Nationwide, hundreds of students will not find a place at their desired high school in the coming school year. This was the result of a survey by WELT AM SONNTAG among the ten largest cities in Germany and the ministries of education in the federal states. However, most federal states and cities, with the exception of Berlin, avoid speaking of a specifically quantifiable lack of places.
Instead, some federal states point out that students could switch to alternatives. Large cities in particular with high influx of people and population growth are reaching their limits. The city of Munich, for example, speaks of an “unexpected number of registrations”; in Dortmund “the capacities are almost fully exhausted”.
The shortage is exacerbated by the admission of children who have fled from the Ukraine. 125,582 of them are already attending a German school, according to current figures from the Conference of Ministers of Education (KMK).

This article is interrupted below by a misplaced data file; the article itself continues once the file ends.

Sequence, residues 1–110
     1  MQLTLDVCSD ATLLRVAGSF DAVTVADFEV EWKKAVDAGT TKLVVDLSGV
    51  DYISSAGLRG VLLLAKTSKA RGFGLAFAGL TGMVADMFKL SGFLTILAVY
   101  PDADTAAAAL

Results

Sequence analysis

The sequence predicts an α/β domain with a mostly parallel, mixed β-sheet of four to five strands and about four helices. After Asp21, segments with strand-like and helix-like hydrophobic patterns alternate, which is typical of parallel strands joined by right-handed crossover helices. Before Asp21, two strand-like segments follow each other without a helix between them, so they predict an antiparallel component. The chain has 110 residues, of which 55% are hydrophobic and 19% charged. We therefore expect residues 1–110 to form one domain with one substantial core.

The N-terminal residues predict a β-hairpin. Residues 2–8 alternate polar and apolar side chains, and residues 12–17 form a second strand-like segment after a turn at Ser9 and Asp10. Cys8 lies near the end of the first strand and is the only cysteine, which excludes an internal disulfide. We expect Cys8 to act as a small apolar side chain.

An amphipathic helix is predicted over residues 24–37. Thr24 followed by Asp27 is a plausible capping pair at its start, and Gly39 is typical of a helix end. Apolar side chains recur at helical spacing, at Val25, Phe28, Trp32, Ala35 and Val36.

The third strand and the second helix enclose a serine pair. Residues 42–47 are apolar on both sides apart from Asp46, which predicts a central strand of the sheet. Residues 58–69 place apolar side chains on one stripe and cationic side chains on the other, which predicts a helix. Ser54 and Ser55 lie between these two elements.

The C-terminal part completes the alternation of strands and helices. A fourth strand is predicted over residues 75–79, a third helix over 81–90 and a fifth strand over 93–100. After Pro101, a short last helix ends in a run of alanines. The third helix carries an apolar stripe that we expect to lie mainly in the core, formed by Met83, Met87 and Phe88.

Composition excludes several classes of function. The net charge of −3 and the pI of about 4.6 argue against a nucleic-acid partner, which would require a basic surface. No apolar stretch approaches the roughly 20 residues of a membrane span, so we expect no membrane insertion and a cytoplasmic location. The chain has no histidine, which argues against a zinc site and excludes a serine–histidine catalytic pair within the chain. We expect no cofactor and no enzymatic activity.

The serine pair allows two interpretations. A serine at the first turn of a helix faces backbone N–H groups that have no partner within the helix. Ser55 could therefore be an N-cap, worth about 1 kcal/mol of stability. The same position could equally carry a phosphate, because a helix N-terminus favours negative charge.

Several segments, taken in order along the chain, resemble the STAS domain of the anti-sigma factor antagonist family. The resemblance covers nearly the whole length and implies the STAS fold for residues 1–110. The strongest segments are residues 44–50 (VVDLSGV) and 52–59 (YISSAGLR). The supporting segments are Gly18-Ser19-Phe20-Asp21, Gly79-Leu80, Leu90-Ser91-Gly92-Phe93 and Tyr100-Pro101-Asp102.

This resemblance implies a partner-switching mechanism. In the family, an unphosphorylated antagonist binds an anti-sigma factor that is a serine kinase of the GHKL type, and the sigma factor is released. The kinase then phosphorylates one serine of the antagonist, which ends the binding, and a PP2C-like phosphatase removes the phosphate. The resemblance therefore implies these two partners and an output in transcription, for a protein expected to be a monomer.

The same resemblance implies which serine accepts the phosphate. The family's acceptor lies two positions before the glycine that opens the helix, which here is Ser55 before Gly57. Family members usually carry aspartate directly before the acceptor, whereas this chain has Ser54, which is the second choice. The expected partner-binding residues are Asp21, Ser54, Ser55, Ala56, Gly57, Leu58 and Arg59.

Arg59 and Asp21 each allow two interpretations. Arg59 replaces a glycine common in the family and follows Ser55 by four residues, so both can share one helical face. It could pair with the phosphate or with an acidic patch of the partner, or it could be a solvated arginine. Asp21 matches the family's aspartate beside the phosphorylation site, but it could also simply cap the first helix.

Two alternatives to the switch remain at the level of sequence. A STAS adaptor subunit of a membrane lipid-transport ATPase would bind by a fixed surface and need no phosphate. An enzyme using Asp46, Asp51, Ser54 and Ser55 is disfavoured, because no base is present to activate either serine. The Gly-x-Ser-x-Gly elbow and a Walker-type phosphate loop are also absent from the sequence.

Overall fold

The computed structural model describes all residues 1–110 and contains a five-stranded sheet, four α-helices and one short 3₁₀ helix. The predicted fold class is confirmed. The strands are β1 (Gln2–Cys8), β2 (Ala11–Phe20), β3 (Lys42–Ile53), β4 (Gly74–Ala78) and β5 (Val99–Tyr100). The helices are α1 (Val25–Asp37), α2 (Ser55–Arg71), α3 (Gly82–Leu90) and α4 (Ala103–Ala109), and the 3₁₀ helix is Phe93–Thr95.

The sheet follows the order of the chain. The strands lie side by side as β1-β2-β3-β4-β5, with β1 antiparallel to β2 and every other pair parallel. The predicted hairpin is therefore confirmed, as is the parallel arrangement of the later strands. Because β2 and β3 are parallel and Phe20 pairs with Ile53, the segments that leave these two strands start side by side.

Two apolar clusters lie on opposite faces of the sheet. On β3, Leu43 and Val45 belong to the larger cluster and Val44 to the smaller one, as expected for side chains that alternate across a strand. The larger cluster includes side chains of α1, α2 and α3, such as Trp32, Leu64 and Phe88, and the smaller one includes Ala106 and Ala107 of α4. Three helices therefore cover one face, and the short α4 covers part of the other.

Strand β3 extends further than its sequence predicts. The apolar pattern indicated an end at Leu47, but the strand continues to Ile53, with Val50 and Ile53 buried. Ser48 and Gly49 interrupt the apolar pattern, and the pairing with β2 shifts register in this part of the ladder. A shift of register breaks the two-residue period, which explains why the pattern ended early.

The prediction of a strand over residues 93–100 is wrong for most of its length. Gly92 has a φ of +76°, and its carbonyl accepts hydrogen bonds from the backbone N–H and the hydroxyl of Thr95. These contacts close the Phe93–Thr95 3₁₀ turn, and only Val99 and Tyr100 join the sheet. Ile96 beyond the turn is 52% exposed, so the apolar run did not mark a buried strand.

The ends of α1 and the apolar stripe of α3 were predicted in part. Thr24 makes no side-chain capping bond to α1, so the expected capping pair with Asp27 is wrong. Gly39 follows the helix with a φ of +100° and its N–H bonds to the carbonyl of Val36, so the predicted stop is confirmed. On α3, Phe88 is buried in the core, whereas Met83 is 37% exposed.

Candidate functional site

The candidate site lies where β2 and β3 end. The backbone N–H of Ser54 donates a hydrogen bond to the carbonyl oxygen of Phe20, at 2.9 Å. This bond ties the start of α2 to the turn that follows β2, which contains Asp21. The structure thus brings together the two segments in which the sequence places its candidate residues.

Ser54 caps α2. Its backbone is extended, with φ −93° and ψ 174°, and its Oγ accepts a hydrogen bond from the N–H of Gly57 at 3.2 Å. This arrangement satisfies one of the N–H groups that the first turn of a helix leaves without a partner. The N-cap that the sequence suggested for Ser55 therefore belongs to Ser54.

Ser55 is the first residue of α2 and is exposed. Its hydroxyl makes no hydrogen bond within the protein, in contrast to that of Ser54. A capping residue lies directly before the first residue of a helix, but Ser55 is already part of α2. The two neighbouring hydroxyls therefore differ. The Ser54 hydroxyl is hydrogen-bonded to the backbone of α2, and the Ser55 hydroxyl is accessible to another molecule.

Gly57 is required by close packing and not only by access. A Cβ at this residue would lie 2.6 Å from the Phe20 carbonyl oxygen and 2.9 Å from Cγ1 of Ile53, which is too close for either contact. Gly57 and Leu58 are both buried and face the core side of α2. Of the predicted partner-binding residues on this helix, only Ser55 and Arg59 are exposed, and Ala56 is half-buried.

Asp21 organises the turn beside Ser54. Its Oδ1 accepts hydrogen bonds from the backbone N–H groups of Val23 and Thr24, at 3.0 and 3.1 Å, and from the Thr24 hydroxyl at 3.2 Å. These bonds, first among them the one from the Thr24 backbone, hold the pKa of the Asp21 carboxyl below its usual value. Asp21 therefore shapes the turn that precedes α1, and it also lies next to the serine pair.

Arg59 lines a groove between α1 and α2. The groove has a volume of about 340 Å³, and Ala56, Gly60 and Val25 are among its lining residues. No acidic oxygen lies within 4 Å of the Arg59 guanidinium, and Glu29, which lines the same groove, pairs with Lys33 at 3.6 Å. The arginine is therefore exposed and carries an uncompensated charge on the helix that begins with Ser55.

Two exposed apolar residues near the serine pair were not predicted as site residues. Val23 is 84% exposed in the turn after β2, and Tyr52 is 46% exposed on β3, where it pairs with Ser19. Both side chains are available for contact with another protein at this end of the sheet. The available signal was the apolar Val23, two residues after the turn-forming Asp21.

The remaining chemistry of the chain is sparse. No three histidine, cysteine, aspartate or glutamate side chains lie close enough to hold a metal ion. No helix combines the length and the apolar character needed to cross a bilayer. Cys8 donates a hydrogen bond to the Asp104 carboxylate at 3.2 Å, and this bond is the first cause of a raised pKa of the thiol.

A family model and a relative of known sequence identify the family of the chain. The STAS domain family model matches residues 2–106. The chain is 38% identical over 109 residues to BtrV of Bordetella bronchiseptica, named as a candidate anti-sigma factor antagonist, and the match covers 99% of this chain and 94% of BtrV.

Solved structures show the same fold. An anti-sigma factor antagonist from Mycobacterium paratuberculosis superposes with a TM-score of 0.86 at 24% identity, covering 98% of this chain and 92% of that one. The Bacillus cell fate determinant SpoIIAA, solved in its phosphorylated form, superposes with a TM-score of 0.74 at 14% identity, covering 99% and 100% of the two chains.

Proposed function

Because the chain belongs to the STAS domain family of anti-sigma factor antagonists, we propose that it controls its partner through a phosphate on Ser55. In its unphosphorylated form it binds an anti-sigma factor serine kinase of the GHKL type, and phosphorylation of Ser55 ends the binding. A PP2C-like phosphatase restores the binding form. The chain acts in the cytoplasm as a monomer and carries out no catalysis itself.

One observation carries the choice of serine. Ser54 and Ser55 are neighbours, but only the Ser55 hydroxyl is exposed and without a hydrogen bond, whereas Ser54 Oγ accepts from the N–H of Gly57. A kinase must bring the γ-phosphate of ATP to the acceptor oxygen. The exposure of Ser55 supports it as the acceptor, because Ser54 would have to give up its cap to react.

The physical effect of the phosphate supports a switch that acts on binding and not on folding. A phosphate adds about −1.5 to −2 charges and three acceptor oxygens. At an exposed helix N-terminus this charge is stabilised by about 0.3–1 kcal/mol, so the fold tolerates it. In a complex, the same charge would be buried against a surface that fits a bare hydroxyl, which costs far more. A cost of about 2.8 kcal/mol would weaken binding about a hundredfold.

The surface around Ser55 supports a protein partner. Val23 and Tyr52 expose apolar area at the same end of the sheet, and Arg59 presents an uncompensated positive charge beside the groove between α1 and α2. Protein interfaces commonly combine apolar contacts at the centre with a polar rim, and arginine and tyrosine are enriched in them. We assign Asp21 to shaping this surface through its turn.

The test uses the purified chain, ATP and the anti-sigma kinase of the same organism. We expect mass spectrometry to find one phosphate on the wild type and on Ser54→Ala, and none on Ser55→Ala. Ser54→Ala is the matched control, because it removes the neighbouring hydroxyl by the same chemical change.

In many places, new schools are being built, additional classes are being created and vocational schools are being used as alternative quarters. For example in Berlin, where, according to the Senate Department, there are still 170 places missing.
“The lack of space has existed for years. It’s an insane effort to keep an infrastructure with this enormous demographic shift,” Stefanie Remlinger, school councilor in Berlin-Mitte, told WELT AM SONNTAG. “But the fact that children cannot be cared for at all is an absolute novelty,” said the Green politician.
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